[Are you providing and "selling" the bike as a utility and a freely made choice or pushing it as a politicized one-sided bill of goods much like the gang-bangers leadership do?]


    There is a lot of interest and energy from a variety of groups to help create a great long-term bike-parking model. Unfortunately, the mayor isn't interested and suggests applying for a grant.

    [Really? List 'em...I bet it consists of "feel-good" "ideologically driven" "non-profits" as opposed to hundreds of local parents, dozens of local churches, Samoan chiefs, lodge chieftans, or kids who just don't want their bikes stolen or vandalized at school...it was my number one cycling beef in high school...]


    While the neighborhood grant process has many pluses, it is not designed to build basic infrastructure. Every school in Seattle should have covered bike parking. When developers want improvements to local streets near their projects, they don't get a grant. When students ask for help with a critical climate change need, they are told to apply for a grant.

    [Gawd I hate economics...]


    Why? The root of the problem here is poor building codes and poor enforcement, thus the lack of interest on the part of BLRB and Seattle Public Schools. In the short run, we need the city to make this wonderful opportunity a reality and we need Seattle to build better long-term bike parking codes.

    [Part of the root of the problem is the lack of diversity in your movement - and a tendency to insult just be opening your mouth. Whether you intended to or not, a lie is still a lie, and insult is still and insult, exclusion is still exclusion, a zero sum argument is still a zero sum argument...the pursuasion skills are solely lacking.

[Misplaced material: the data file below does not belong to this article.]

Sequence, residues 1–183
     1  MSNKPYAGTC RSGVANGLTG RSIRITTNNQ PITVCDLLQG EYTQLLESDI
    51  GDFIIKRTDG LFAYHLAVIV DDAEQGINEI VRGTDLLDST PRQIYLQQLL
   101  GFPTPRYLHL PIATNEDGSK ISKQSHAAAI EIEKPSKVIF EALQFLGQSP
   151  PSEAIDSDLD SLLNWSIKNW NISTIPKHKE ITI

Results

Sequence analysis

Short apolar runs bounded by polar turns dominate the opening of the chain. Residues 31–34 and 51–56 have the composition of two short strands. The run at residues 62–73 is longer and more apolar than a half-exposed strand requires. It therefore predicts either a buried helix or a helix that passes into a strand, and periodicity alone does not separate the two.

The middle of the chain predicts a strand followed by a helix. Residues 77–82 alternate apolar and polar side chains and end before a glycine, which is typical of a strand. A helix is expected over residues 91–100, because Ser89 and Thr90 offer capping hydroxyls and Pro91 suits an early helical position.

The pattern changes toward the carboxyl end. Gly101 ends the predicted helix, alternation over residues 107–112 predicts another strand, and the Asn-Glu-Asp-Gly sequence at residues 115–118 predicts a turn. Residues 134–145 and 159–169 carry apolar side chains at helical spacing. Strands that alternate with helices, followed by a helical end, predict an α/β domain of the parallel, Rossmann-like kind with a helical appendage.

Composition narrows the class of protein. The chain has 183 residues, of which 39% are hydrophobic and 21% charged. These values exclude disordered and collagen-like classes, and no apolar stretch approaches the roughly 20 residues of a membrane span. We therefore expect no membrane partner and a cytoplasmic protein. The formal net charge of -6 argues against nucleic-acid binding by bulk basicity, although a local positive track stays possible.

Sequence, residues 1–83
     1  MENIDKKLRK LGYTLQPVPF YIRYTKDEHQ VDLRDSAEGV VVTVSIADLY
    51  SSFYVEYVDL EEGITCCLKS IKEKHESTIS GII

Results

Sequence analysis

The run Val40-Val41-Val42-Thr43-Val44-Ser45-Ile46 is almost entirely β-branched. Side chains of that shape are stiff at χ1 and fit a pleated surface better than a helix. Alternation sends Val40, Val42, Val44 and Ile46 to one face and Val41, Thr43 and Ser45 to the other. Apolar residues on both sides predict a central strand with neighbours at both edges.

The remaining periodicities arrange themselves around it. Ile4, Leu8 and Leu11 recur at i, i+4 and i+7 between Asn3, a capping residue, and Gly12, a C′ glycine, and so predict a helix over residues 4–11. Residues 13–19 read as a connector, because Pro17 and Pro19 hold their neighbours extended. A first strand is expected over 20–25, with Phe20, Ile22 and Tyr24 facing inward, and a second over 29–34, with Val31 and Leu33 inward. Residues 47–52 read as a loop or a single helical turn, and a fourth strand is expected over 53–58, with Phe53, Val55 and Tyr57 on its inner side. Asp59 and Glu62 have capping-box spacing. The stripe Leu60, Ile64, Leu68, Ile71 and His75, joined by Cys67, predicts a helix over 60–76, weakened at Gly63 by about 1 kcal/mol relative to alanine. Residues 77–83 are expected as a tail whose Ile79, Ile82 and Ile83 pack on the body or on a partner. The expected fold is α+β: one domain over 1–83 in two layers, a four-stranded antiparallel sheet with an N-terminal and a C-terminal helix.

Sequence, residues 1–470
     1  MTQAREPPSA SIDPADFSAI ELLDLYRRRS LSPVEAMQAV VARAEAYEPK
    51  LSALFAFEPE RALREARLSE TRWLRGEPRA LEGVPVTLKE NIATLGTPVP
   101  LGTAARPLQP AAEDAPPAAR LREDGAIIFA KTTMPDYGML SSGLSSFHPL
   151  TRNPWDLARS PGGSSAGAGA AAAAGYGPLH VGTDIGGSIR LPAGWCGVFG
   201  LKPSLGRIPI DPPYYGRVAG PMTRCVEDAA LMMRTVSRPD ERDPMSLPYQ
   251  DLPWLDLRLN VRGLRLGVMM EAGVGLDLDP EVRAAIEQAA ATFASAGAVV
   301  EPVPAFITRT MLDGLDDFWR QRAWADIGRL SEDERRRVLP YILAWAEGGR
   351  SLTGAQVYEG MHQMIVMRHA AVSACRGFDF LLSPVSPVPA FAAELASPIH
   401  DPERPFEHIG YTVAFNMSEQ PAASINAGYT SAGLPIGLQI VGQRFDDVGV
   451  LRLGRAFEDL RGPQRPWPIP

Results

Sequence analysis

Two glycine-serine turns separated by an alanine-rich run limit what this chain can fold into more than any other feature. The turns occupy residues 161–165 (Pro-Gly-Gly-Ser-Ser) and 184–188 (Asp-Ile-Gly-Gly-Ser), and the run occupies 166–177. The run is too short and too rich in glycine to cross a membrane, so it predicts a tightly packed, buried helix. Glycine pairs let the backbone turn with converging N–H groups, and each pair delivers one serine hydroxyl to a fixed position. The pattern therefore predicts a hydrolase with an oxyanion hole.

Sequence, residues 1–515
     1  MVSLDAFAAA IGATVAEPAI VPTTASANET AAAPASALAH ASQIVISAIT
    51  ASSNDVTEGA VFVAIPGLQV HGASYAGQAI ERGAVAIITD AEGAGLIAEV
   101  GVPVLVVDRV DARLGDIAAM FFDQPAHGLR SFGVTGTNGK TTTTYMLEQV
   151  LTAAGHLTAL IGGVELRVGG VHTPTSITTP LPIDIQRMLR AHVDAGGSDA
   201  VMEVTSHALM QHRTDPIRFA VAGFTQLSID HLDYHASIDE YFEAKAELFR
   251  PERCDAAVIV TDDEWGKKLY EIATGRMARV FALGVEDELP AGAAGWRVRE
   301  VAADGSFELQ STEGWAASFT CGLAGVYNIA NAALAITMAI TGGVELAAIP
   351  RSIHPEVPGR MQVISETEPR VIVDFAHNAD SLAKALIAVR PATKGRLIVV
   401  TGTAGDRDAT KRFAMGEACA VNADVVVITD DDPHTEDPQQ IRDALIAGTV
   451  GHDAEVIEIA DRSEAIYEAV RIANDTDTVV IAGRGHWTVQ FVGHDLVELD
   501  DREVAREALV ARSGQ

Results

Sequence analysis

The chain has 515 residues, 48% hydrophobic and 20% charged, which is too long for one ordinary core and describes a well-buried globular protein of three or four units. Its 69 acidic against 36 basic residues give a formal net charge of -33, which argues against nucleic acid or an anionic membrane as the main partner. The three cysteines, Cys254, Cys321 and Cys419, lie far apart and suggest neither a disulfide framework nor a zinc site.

Richard Truax is YMCA Earth Service Corps adviser and teaches social studies at Garfield High School.[/QUOTE]

    [Richard Truax is a YMCA Earth Service Corps adviser who has apparently swallowed the Marxist, Leninist, Global Warming, Diversity is Racial Diversity, etc. Kool Aid who also happens to teach social studies at Garfield High School and quite likely is violating the moral fitness requirement of his teaching credential by using his position as a pulpit. I deliberately avoid using my position as a pulpit knowing that it could come full circle later on as a complaint about my moral fitness dumped in my file with the State should the pendulum swing the other way in our school adminstrations. I state my opinions as opinions...and agree to politely disagree with my students as a matter of personal policy. It keeps me out of trouble. Don't have many friends though...which is fine by me.]

    =8-)

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    The point was that it wasn't a formal request. It was an idea. In order to fully "sell" the idea I tried to explain what I felt would be many follow up questions to a simple "I want to plow a bike trail". The rest of the "wall" was to lay a foundation for the idea, and give some credibility to the reasoning. I guess nobody reads anymore. How long would it ACTUALLY take to read that? This was from one of their employees. No time for that, huh? If they didn't read it all, they could have at least acknowledged it. I had to hear it second hand from another employee. Or, they could have scrolled through and got the jist of it, then responded??? Shoot it down in person....I wouldn't have a problem with that.

  12. #12
    not a role model JeffS's Avatar
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    Why the emphasis on a cover?

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    If they really wanted to send students a message, they'd refuse to build student auto parking, and give full phys-ed credit to all who walk or cycle to school.

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    Quote Originally Posted by JeffS View Post
    Why the emphasis on a cover?

    That's what I was wondering, can't see the reason for it. People who 'need' covered parking, aren't typically the type who'll be riding when the cover is needed anyway.

    My response would be to have everyone who does ride to school park their bikes where they are most noticeable by the people who make decisions, that way the need will be highly visible and speak for itself.

    I think schools etc should have plenty of bike parking available, the covered part, as explained above, is just frosting.


    ken.